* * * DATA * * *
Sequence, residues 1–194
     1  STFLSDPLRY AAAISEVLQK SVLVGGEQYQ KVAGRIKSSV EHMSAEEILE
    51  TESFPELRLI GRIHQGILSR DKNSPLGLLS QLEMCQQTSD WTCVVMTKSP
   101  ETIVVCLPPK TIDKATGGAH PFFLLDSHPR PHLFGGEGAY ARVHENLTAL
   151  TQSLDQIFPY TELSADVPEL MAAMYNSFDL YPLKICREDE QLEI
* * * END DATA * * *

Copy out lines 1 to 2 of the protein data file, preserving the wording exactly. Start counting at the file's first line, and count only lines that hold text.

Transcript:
Sequence, residues 1–194
     1  STFLSDPLRY AAAISEVLQK SVLVGGEQYQ KVAGRIKSSV EHMSAEEILE